Enzyme replacement therapy found effective in Sanfilippo type A mice
Denali to seek FDA approval to start clinical trials of DNL126 in humans
The investigational, brain-penetrating enzyme replacement therapy DNL126 was found to correct neurological signs of Sanfilippo syndrome type A in a mouse model, according to its developer, Denali Therapeutics.
Now, the biopharmaceutical company plans to seek U.S. Food and Drug Administration permission — via an investigational new drug application or IND — to start clinical trials in humans.
“Denali plans to submit an IND application for DNL126 in the first half of 2023,” the company said in a press release.
Results from the mouse study were reported in a recent oral presentation by Annie Arguello, PhD, Denali’s director of translational sciences. Arguello spoke at the 19th Annual WORLDSymposium in Orlando, Florida.
“There are no approved therapies for [Sanfilippo syndrome type A], representing a high unmet medical need,” the researchers wrote in the poster that accompanied the presentation.
Developing potential treatments for Sanfilippo
Sanfilippo syndrome, also called mucopolysaccharidosis type III (MPS III), is a genetic condition marked by inherited deficiencies in enzymes that break down the complex sugar molecule heparan sulfate. As a result, this sugar builds up to toxic levels inside cells, causing damage and inflammation, especially in brain tissue.
There are four types of Sanfilippo syndrome: those with type A are deficient in the SGSH enzyme. This is the most common type, and a more severe form, with symptoms typically appearing earlier and progressing faster.
Enzyme replacement therapy, known as ERT, is a potential Sanfilippo type A treatment in which a lab-made version of the missing SGSH enzyme is provided by an external source.
However, ERT development has been hindered by its inability to cross the blood-brain barrier — a protective membrane that prevents large molecules and microbes in the bloodstream from entering the brain.
Denali’s enzyme transport vehicle (ETV) technology exploits the transferrin receptor (TfR), a protein that transports iron from the bloodstream, across the blood-brain barrier, and into the brain.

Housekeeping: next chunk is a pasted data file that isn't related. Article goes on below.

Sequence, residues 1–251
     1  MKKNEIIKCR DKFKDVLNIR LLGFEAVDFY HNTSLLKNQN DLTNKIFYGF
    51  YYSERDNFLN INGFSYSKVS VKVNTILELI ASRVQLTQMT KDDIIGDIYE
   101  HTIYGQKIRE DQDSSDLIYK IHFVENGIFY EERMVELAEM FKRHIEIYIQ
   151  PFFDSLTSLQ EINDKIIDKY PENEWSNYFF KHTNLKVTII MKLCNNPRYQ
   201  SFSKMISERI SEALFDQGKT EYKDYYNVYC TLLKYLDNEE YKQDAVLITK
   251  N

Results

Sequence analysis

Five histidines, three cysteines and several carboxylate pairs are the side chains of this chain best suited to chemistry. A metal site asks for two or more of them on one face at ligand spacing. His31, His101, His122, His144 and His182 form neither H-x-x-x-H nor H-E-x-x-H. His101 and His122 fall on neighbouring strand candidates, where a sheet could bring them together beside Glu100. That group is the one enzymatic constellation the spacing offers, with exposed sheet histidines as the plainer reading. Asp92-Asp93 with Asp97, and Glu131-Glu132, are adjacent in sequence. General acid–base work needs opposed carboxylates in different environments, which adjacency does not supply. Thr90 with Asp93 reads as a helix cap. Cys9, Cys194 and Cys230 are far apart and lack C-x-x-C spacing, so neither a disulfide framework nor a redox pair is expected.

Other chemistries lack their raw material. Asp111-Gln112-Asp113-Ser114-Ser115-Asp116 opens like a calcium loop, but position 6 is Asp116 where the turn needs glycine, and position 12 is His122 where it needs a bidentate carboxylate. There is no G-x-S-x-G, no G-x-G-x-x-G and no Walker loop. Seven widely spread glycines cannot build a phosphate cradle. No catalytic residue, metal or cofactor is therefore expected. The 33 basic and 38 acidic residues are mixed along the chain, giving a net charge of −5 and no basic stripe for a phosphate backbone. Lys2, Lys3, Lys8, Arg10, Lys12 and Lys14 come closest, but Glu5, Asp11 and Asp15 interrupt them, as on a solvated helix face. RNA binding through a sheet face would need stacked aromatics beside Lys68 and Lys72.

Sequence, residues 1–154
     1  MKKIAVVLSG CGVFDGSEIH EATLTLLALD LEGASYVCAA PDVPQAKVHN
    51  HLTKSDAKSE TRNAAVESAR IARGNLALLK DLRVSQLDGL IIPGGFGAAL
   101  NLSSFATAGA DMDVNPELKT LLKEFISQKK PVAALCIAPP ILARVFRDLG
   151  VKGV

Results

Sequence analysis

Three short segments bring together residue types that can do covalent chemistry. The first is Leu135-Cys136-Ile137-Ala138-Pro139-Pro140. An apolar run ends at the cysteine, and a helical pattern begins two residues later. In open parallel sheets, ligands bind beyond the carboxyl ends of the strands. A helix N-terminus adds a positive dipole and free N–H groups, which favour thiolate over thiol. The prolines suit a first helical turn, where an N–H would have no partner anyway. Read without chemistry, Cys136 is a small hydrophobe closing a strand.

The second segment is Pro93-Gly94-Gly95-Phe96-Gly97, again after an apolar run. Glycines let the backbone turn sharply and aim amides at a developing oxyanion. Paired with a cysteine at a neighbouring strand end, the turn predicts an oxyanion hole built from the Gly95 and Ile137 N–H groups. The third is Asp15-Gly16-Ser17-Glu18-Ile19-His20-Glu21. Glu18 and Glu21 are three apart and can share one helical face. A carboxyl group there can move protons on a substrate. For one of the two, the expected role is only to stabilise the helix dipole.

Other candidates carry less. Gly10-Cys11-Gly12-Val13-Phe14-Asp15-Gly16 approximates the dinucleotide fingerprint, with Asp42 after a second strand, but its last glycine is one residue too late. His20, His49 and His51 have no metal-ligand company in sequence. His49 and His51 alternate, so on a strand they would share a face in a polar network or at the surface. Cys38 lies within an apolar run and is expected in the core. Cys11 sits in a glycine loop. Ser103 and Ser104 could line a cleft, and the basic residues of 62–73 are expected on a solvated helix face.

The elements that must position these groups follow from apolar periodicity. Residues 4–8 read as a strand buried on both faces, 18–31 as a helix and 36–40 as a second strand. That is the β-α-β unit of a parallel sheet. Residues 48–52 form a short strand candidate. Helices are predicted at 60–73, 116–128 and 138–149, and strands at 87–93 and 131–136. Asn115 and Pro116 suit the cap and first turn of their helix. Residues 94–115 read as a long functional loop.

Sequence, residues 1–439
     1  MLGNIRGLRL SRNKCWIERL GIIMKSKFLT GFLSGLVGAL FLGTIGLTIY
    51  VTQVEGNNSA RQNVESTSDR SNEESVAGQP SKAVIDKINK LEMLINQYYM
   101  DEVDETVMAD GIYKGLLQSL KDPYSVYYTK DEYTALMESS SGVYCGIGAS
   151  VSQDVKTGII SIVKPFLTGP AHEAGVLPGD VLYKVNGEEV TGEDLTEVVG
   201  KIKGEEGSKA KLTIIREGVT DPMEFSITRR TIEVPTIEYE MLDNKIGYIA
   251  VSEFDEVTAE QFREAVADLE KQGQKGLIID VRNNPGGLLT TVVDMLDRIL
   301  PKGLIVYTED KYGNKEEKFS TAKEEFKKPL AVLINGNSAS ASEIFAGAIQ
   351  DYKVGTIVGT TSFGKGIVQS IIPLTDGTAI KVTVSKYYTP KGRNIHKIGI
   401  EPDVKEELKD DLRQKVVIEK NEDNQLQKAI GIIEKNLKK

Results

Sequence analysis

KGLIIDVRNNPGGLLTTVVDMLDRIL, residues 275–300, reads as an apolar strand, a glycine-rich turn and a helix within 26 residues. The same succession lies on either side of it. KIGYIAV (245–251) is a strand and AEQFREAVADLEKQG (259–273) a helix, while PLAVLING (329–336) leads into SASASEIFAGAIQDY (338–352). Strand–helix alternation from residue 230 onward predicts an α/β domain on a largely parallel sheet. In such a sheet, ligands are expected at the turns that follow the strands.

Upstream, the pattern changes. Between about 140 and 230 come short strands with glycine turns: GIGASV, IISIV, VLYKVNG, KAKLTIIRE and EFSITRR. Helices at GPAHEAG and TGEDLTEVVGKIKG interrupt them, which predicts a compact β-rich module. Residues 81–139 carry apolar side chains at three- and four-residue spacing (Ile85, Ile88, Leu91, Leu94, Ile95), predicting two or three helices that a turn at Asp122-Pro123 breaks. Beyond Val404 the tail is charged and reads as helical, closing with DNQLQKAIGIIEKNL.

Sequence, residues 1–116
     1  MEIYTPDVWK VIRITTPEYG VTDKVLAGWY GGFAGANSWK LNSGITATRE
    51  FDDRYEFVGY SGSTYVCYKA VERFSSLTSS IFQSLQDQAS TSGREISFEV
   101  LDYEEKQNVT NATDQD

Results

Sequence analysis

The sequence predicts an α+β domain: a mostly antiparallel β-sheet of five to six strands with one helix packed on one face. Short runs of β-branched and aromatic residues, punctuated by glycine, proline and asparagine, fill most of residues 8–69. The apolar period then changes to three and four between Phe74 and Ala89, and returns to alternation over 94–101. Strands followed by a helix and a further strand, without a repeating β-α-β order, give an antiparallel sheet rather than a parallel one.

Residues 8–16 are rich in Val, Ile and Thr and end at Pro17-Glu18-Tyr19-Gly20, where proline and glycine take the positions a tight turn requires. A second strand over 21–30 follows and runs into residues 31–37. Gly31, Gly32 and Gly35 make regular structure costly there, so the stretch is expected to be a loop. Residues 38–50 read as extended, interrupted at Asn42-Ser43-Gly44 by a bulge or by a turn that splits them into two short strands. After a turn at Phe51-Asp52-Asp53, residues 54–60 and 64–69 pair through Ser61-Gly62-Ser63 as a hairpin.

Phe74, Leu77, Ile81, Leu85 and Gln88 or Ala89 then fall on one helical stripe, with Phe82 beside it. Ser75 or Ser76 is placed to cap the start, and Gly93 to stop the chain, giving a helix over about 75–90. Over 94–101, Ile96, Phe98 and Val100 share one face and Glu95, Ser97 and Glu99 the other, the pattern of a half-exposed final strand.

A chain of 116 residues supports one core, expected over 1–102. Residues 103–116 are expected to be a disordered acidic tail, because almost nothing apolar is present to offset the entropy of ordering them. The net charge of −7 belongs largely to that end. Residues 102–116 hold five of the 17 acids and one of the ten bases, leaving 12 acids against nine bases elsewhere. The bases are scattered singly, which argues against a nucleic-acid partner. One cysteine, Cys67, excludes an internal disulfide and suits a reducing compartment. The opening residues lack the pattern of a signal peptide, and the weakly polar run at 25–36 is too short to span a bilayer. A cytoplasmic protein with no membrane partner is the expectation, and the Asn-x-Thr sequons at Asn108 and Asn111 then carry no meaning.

DNL126 is composed of SGSH enzymes attached to an antibody fragment carrying an engineered TfR binding site.
Administered directly into the bloodstream (intravenously), the therapy is designed to bind to TfR and cross the blood-brain barrier into the brain. Once there, DNL126 may help break down heparan sulfate and address Sanfilippo’s cognitive, behavioral, and physical symptoms.
A similar ETV-based ERT by Denali is now undergoing Phase 1/2 clinical testing in children with MPS II, also called Hunter syndrome. This disorder is marked by a deficiency of the IDS enzyme that also breaks down complex sugars, causing tissue damage.
In the DNL126 preclinical study, healthy mice were engineered to produce a portion of the human TfR. Intravenous administration showed a dose-dependent increase of DNL126 in the brain, compared with mice without human TfR.
To demonstrate DNL126’s utility in Sanfilippo A, mice carrying human TfR, modified to produce very low levels of the SGSH enzyme, were given 12 weekly injections into the abdomen at low and high doses.
After treatment, excess heparan sulfate levels in brain tissue dropped significantly in a dose-dependent manner, as did levels in the cerebrospinal fluid, the liquid that circulates around the brain and spinal cord. The liver also showed a significant reduction in heparan sulfate with DNL126.
Looking more closely, the high dose of DNL126 significantly decreased heparan sulfate in different types of brain cells, including neurons that transmit electrical signals, astrocytes that support neurons, and microglia, the immune cells of the brain.
Because the SGSH enzyme is found in lysosomes, the cellular compartments responsible for breaking down and recycling molecules, heparan sulfate buildup disrupts lysosomal function. DNL126 treatment corrected abnormal levels of proteins and fat-like lipids associated with impaired lysosomes, consistent with improved lysosome function.
Finally, using three different biomarkers, DNL126 treatment also corrected disease-related brain inflammation.
Denali is collaborating with Sanguine Biosciences on a U.S.-based Sanfilippo type A natural history study (NCT05523206) to monitor behaviors, find blood-based biomarkers, and shed more light on the disorder. The study is expected to enroll 20 participants, ages 4 months to 13 years, with at least 10 patients younger than age 4.
According to Sanguine’s website, the natural history study will require seven visits over the course of about two years. Visits will include behavioral assessments and the collection of blood samples. Participants will be compensated up to a total of $1,400.